Samsung, the largest manufacturer of Android devices, has just announced that its default browser will support third-party applications that block ads.
Samsung’s pre-installed browser, called Samsung Internet, will support ad blocking in version 4.0 and above.
The update for the Samsung Internet browser will be rolled out soon to Galaxy devices running Android Marshmallow (6.0), and to Lollipop (5.0) devices sometime in the next few months.
Samsung’s Content Blocking API pulls filtering data from pre-approved, third-party apps like Adblock Fast, to keep unwanted ads and content from cluttering up users’ screens.
Once you’ve installed a third-party ad blocking app on your device, you can turn on the ad blocker within the Samsung Internet browser by going to the Settings – Advanced screen and selecting the Block Content menu.
Samsung’s support for mobile ad blockers represents another blow for the advertising industry, which is now waging an all-out war against ad blocker companies.
A report published last year by Adobe and the anti-ad blocking company PageFair claimed that ad blockers would cost advertisers and publishers $22 billion in 2015.
PageFair’s method for coming up with that figure depends on some dicey assumptions, but there’s no doubt advertisers are worried about ad blockers.
Ad blockers are already hugely popular on desktop browsers – Adblock Plus is the most popular add-on for the desktop version of Firefox, with 21.8 million users.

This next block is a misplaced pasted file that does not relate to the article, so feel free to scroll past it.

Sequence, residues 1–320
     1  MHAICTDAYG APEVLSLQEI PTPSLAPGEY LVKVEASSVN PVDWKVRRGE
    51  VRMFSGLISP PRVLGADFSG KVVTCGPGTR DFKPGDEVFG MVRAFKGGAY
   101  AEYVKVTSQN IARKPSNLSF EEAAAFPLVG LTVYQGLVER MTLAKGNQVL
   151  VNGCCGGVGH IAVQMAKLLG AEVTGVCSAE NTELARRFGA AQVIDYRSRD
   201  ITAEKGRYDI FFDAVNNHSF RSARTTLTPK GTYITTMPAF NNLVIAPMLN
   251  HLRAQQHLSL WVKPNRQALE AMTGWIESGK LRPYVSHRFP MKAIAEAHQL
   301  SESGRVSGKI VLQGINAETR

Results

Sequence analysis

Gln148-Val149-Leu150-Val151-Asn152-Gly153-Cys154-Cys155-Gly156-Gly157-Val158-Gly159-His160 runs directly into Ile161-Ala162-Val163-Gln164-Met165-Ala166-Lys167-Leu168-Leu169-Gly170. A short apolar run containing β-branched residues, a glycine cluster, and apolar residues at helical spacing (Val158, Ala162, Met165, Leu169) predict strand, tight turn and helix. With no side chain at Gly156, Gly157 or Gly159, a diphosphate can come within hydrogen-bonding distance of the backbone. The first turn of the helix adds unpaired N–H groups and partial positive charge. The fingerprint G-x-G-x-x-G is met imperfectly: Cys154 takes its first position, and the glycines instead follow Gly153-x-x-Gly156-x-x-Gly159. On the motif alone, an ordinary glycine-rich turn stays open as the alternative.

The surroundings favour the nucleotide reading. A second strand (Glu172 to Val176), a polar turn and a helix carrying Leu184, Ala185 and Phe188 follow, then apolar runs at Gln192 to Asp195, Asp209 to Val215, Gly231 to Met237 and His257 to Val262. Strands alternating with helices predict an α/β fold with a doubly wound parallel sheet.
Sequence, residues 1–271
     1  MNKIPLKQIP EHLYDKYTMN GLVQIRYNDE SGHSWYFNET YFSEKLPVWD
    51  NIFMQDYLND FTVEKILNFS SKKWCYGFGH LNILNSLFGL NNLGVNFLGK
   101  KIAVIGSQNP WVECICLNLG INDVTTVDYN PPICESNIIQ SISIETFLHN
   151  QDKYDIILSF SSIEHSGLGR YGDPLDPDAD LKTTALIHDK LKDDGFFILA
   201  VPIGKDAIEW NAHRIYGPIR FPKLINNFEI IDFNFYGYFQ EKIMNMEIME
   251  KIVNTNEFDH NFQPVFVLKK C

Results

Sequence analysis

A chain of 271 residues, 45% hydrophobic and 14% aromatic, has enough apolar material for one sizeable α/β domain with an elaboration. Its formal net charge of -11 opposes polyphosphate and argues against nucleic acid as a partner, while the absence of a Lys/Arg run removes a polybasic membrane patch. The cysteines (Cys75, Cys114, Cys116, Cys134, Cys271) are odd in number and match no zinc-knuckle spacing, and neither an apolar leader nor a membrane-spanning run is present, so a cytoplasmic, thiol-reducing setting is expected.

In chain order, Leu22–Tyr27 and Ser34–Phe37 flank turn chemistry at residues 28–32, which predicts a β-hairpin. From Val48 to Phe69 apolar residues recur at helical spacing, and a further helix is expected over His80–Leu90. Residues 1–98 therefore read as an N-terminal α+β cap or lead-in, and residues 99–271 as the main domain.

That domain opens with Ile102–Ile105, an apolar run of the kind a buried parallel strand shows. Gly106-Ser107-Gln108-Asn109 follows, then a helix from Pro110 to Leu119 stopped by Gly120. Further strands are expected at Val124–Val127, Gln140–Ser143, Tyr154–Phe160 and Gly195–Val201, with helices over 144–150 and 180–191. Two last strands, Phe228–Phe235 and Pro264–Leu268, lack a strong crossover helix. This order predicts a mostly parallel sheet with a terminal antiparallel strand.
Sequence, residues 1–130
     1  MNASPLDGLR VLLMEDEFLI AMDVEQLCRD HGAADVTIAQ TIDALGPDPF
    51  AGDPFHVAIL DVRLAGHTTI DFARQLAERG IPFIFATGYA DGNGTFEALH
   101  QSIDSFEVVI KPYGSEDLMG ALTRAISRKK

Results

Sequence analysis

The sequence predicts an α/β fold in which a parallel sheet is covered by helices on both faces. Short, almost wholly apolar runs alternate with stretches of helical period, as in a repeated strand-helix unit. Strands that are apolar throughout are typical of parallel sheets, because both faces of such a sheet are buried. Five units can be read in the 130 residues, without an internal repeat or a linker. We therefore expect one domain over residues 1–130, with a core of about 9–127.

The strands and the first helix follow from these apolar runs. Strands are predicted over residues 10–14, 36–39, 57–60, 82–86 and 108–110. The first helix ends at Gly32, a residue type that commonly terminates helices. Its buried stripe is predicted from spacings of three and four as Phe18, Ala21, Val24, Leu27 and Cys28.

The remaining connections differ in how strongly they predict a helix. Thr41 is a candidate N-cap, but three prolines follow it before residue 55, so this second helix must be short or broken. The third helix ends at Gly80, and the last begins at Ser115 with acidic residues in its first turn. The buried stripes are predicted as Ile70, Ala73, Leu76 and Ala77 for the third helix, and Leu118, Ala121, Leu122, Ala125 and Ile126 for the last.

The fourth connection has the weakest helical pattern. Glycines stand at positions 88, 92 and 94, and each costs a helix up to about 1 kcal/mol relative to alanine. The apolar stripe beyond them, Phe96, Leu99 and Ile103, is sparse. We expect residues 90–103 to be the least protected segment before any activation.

Mobile users haven’t caught on quite yet, and according to PageFair’s report, less than 2% of ad blocking is on mobile devices.
However, advertisers fear the introduction of ad blocker support in Apple’s mobile safari browser last year (with the release of iOS 9) could be a tipping point leading to wider adoption by mobile users.
The advertising industry is striking back at the ad blockers with controversial technological fixes.
There’s also a war of words going on between advertisers and ad blocking companies.
Randall Rothenburg, head of the industry group the Interactive Advertising Bureau, said at a keynote speech last month that ad blockers are stifling “diversity and freedom of expression.”
The arms race between ad blockers and ad blocker blockers seems to be missing the point.
The millions of people who use ad blockers are not trying to stifle free speech, steal revenue from content publishers, or even destroy the advertising industry itself.
People use ad blockers because ads are intrusive, slow webpage loading to a crawl, suck up battery power on mobile devices, and raise the risk of being hacked through malicious ads.
As my colleague Paul Ducklin has pointed out, a solution that works for all would be to build an advertising network that people are willing to unblock by choice.